Thursday, September 17, 2015

WELCOME ...

to the Cognitive Science Modeling Lab (CSML) at the University of Evansville. CSML is a small lab devoted to agent-based modeling and, primarily, to developing virtual circuits that can perform rudimentary cognitive tasks. Our virtual circuits are also called by us "Dynamic Associative Networks" (DANs) to distinguish them from the more traditional Artificial Neural Networks (ANNs). DANs differ from ANNs in that they use no predetermined network structure; rather, we rather promiscuously add nodes in the network wherever needed to improve cognitive function. They also differ in that there are no fixed weights. Instead, they use dynamic weights that are determined by information-theoretic methods. Training with DANs is done by way of case-based reasoning. Additionally, new information can be added to DANs without re-training the network, a genuine advantage over more traditional models.

The CSML has a long history of different kind of projects. It began in the mid-1990's as the "Internet Applications Laboratory" developing search engines for academic use. As the "Digital Humanities" grew as an area of study, the lab's name was changed to the "Digital Humanities Lab," and then, recently, the "Cognitive Science Modeling Lab," to reflect more closely what we do here. Over the years, the lab has been staffed by more than fifty students working on a variety of projects, including internet search engine design, agent-based exploration of traffic light patterns in Evansville, Indiana and classroom simulations, and, regarding DANs in particular, on a range of models that include 1) object identification based on properties and context-sensitivity, 2) comparison of similarities and differences among properties and objects, 3) shape recognition of simple shapes regardless of where they might appear in an artificial visual field, 4) association across simulated sense modalities, 5) primary sequential memory of any seven digit number, 6) network branching from one subnet to another based on the presence of a single stimulus, 7) eight-bit register control that could perform standard, machine-level operations as with standard Turing-style computational devices, and 8) rudimentary natural language processing based on a stimulus/response (i.e. anti-Chomskian) conception of language.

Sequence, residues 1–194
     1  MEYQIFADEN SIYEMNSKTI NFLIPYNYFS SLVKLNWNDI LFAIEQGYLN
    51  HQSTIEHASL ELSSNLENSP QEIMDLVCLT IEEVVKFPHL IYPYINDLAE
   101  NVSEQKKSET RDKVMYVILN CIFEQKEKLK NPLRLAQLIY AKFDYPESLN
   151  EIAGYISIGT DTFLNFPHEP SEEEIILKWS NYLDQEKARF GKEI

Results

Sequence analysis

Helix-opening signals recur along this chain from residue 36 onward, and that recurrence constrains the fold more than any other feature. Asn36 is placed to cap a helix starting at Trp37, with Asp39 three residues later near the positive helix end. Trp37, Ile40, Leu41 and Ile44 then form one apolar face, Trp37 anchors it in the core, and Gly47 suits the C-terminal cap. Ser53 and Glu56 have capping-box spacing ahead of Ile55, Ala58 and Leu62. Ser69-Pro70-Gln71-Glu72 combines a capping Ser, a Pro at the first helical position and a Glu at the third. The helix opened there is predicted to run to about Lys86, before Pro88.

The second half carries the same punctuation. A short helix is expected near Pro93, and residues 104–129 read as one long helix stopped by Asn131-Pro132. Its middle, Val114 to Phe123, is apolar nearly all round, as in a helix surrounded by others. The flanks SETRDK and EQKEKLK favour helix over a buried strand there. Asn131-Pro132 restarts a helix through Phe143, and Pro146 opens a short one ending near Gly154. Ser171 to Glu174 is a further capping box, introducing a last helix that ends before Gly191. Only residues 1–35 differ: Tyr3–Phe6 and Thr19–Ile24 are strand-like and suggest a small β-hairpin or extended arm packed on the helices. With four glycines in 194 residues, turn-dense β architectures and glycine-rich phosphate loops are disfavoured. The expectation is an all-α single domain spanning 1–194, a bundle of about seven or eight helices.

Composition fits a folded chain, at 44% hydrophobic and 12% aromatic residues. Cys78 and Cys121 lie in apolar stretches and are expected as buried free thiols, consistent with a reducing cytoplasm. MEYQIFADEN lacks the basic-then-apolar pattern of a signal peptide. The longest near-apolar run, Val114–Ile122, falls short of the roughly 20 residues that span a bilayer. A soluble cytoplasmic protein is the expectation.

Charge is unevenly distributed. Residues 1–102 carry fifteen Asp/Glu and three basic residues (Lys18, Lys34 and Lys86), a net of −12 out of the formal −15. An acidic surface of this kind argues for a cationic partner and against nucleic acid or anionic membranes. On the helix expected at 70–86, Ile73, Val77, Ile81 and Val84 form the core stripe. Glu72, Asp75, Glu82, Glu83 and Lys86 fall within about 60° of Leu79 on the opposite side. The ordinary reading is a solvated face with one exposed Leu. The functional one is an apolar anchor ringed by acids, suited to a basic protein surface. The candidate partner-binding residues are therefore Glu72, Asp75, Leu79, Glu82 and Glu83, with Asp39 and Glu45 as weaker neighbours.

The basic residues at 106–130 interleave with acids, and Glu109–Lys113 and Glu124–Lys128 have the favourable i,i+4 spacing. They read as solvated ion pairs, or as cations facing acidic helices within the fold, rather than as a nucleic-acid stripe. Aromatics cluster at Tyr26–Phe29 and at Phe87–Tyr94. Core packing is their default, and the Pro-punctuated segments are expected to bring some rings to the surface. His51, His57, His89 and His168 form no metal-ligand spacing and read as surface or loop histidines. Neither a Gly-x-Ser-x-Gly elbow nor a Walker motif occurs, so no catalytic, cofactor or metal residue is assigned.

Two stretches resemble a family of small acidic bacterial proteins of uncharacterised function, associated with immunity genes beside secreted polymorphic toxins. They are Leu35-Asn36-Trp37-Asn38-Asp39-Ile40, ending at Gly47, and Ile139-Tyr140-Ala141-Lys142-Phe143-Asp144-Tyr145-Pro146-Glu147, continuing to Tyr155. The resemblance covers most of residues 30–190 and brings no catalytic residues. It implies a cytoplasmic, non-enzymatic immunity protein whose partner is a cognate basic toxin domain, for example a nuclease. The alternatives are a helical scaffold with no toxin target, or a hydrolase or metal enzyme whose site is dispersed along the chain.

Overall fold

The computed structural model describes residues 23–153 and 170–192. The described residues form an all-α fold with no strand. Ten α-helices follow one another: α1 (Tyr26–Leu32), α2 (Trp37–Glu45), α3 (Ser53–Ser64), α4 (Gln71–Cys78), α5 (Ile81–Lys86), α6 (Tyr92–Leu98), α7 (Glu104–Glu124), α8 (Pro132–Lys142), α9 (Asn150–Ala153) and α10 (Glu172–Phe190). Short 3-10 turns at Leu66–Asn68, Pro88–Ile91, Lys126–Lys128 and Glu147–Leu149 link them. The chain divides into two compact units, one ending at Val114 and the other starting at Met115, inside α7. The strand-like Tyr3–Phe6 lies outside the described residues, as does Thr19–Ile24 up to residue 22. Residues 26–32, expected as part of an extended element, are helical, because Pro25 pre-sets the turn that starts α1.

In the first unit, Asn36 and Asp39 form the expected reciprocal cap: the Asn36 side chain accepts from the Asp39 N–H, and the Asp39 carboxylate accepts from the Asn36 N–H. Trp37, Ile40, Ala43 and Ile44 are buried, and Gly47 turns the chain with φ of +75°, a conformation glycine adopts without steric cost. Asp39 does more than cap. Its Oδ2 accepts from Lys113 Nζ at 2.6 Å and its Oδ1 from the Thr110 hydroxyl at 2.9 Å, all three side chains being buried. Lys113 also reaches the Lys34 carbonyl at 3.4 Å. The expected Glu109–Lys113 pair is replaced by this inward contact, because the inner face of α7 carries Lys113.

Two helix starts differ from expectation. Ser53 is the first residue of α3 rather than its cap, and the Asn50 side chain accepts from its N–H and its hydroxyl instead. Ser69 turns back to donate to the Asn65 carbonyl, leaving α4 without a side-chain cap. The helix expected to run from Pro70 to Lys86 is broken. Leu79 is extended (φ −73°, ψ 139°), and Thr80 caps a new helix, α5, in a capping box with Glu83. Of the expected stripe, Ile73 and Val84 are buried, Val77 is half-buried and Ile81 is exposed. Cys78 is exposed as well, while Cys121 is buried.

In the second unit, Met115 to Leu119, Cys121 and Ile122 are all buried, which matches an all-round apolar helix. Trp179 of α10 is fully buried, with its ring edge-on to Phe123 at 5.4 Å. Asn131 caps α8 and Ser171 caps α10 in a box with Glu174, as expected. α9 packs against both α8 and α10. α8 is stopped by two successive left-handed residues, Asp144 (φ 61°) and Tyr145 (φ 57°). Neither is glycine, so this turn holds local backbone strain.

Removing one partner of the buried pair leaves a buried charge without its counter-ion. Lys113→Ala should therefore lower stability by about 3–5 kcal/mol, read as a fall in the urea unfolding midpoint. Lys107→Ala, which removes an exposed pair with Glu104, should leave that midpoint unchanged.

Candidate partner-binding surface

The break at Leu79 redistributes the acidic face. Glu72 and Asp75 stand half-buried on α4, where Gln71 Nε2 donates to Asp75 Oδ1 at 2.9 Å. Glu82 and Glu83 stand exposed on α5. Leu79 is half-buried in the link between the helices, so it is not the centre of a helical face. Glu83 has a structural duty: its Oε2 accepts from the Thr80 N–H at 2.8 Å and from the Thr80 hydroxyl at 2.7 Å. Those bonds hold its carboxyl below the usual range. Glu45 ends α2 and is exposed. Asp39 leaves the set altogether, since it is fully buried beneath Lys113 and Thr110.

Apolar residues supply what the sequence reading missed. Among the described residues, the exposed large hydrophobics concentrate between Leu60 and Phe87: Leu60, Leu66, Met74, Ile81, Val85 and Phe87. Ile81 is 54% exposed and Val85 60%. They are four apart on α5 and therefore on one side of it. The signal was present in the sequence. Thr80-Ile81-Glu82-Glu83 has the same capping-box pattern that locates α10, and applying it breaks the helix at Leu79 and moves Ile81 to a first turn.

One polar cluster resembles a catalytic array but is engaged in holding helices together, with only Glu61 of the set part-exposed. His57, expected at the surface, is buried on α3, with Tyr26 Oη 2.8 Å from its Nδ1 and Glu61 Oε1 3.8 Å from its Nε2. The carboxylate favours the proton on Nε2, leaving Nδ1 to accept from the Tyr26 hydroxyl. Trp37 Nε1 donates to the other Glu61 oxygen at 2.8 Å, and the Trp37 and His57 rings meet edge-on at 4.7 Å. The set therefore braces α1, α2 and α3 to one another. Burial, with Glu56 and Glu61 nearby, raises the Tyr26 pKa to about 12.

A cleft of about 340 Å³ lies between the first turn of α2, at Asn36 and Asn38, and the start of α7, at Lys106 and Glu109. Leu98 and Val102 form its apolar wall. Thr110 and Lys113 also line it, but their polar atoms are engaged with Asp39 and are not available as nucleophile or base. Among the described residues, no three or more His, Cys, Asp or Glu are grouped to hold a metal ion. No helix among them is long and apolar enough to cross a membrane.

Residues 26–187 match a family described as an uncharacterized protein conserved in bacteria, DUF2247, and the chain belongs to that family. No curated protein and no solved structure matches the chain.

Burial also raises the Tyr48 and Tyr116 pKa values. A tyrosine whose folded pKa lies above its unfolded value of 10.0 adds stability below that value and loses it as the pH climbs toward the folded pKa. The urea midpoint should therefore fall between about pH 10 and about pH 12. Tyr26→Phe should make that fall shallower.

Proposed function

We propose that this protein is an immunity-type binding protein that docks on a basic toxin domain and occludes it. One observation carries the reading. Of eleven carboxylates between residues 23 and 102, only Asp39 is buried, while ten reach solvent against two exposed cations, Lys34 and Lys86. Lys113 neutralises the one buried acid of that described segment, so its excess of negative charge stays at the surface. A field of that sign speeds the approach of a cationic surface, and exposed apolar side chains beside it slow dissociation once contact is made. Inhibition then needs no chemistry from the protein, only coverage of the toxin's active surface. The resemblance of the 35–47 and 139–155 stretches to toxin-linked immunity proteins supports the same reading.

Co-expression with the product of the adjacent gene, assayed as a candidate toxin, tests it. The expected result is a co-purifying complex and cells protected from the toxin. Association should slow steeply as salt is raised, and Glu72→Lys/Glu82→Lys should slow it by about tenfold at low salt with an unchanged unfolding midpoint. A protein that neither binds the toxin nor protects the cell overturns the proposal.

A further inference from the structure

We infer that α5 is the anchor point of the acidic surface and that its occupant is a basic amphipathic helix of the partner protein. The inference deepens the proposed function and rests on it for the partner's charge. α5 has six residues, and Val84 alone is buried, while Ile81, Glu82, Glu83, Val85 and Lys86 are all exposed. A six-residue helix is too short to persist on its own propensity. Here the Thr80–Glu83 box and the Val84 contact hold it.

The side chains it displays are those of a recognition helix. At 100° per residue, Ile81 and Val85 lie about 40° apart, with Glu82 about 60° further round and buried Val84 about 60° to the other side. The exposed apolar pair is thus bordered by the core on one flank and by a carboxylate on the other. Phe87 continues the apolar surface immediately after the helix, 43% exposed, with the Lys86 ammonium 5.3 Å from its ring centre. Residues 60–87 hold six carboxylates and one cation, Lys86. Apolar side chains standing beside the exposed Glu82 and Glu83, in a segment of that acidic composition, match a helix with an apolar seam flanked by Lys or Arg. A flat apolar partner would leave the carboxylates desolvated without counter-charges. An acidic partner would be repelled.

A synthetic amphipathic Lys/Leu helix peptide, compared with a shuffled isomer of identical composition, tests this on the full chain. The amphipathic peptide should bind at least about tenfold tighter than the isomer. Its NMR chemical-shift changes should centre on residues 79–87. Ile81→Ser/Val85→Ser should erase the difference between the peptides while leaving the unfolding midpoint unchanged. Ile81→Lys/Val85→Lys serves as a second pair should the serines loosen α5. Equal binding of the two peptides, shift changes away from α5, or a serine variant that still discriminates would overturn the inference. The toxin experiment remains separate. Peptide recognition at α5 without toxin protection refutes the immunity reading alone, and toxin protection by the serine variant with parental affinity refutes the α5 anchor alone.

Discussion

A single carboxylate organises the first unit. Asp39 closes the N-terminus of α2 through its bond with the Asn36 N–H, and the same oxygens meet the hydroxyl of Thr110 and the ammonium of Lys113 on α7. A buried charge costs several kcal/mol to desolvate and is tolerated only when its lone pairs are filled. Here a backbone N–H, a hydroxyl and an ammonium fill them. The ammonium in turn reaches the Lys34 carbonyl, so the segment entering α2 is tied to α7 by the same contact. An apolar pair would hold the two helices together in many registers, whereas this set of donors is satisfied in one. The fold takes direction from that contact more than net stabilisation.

After a decade of exploration in toy environments, we at the CSML stepped out into a genuinely complex adaptive system in a real-world stochastic environment, namely, the National Football League, where we are attempting to predict winners and losers of games and, in time, also the point spread. The NFL was chosen because, while it is massively complex, it is relatively constrained by a regular schedule, a fixed number of teams, a set of articulated rules, and regular stop points (unlike free-flow games such as hockey, basketball and soccer) where data can be discretely retrieved. 

During the 2014-2015 season, we employed our first model based on weighted averages determined by the percentage of points earned by a team during 2014-2015 season play only. As expected, the network learned as it went, starting in the 30 percentile for week two, then 50 percentile for week three, then on to end the season averaging around 65% correct when predicting winners. During two weeks, the model hit into the 80 percentile, but it also fell to the 30 percentile for two weeks as well.

This season, 2015-2016, we are moving into genuine network models based on our regular DAN methods described above. Pattern matching data will be based on drive profiles ranging over all the NFL games played over the last ten years. The method, however, will not permit robust predictions of the current season until each team has played at least one home and away game. In the meantime, we will roll out predictions based on last year's method. Our predictions and results will be regularly posted on this blog throughout the season.
 properties and context-sensitivity, 2) comparison of simi-larities and differences among properties and objects, 3)shape recognition of simple shapes regardless of wherethey might appear in an artificial visual field, 4) associationacross simulated sense modalities, 5) primary sequentialmemory of any seven digit number (inspired by Allen andLange 1995), 6) network branching from one subnet toanother based on the presence of a single stimulus, 7)eight-bit register control that could perform standard, ma-chine-level operations as with standard Turing-style com- putational devices, and 8) rudimentary natural language processing based on stimulus/response (i.e. anti-Chomskian) conception of language.

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